Element of Intent

Under the criminal health care fraud statute you need to intentionally be acting in a way to defraud, which means any prosecutor would need to prove your intent. Without intent, you may not be held liable under this law.

Additionally, the False Claims Act provides criminal and civil liability for making false records or claims to the government. The violation of the False Claims Act may either be knowingly or with a complete disregard for what is going on. This means that if you are blatantly ignorant, you may be held liable under this law.


The civil penalty under the False Claims Act is

  • $11,000 for each false claim and
  • Up to three times the damages to the government for the claim.

The criminal liability under this law can be assessed only if someone knowingly makes a false claim, and the criminal punishment is a fine up to $250,000 and up to 5 years imprisonment.

Government Agencies

The Department of Justice (DOJ) has a unit dedicated to finding instances of health care fraud. The Health Care Fraud Unit is organized under the Criminal Division of the DOJ, and they are in charge of investigating instances of health care fraud cases throughout the United States. The Health Care Fraud Unit also operates a total of 9 strike force locations which help with the prosecution of health care fraud.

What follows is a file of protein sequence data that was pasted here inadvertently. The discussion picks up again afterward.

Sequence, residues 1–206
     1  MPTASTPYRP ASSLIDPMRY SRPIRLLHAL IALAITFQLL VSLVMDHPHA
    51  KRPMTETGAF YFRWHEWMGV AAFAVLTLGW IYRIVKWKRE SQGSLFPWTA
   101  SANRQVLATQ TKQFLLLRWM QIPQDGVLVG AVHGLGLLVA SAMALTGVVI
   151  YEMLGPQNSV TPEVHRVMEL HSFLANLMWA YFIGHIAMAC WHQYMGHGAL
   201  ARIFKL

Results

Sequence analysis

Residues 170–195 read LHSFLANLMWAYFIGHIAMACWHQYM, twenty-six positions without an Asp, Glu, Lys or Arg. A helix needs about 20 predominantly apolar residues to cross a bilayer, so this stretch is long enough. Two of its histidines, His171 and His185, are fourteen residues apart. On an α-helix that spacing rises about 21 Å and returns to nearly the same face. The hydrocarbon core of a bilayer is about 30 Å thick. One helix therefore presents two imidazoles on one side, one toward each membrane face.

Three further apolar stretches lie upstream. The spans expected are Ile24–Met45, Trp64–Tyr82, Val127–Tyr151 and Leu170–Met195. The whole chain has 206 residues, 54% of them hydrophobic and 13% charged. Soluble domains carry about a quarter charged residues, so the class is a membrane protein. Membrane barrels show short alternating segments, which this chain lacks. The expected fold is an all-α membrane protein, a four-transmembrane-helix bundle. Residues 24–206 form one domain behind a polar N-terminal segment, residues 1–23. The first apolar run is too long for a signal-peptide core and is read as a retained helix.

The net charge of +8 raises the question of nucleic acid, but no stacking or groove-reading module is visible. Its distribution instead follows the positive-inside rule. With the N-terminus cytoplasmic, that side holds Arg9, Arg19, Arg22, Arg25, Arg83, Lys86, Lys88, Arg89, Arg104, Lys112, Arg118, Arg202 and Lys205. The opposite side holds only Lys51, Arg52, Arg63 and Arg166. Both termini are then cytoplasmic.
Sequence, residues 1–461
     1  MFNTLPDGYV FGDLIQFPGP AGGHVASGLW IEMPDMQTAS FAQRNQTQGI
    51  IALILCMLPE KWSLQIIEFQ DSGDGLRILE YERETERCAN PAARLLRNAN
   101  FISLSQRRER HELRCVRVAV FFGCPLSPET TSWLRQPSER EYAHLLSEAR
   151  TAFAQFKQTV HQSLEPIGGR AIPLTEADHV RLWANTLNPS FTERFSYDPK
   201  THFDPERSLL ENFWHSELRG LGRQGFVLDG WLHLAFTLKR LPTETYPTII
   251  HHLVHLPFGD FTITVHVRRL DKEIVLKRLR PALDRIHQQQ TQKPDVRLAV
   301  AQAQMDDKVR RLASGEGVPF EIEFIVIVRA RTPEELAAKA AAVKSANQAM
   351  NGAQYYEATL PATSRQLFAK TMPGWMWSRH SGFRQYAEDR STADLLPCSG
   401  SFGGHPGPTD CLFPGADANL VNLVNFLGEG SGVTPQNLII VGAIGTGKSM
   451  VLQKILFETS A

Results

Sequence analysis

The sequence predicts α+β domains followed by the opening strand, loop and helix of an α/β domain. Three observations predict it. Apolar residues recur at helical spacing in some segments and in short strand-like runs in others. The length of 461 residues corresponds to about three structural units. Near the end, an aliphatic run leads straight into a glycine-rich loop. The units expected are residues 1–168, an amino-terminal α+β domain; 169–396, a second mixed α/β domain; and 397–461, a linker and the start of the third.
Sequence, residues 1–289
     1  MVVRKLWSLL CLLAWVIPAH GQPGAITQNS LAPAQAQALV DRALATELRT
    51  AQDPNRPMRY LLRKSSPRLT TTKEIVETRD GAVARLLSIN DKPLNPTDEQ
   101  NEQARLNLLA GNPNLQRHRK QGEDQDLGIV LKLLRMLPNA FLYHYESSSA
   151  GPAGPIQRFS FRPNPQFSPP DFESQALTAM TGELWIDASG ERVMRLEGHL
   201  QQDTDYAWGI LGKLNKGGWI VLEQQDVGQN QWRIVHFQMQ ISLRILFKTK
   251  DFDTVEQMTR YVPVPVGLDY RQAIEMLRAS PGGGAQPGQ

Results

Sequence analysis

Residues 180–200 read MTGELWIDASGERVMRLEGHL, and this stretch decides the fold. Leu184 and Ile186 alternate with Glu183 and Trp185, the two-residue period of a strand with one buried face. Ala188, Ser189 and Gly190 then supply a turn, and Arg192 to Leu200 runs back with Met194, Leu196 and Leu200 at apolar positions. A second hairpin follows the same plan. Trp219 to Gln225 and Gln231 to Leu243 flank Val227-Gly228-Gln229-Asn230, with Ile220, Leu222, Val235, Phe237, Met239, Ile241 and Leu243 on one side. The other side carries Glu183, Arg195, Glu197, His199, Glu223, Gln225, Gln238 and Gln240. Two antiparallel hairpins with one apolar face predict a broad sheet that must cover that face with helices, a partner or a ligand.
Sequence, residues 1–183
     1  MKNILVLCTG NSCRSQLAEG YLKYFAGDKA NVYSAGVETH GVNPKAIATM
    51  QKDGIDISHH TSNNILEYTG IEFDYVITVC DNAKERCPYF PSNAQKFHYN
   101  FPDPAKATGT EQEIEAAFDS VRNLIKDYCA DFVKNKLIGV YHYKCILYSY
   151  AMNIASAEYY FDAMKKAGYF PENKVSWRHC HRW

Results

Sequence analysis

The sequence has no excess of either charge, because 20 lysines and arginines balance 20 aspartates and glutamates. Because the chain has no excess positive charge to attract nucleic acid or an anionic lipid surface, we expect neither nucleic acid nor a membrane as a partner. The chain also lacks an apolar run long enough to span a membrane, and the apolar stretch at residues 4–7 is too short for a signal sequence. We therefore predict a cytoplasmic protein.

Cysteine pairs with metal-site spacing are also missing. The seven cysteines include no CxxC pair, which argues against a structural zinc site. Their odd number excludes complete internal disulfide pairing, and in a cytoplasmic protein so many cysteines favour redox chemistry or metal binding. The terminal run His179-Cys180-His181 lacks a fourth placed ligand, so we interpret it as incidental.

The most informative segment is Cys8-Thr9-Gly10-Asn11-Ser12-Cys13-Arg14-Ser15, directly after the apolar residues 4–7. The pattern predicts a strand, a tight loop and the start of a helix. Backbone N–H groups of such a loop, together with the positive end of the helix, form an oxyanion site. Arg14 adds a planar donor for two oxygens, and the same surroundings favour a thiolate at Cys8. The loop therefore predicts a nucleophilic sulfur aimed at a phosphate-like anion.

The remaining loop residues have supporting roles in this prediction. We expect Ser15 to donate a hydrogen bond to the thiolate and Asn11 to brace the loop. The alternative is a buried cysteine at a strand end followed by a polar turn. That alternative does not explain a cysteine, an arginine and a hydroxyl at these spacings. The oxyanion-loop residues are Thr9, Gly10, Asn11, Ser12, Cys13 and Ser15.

There are several ways that government is tipped off about possible cases of healthcare fraud. A patient might report an incident of health care fraud when they and their insurance company are charged for services not rendered or overcharged. Because of deductibles on insurance plans, several patients will try and argue their bills which could tip off an investigation if there is a pattern of problems with billing.

The FBI is also one of the primary investigators of an instance of health care fraud. The FBI might use undercover agents or confidential informants to get information from medical practices to gather evidence. They may also get medical records from the practice and compare what process is being done compared to what is being billed.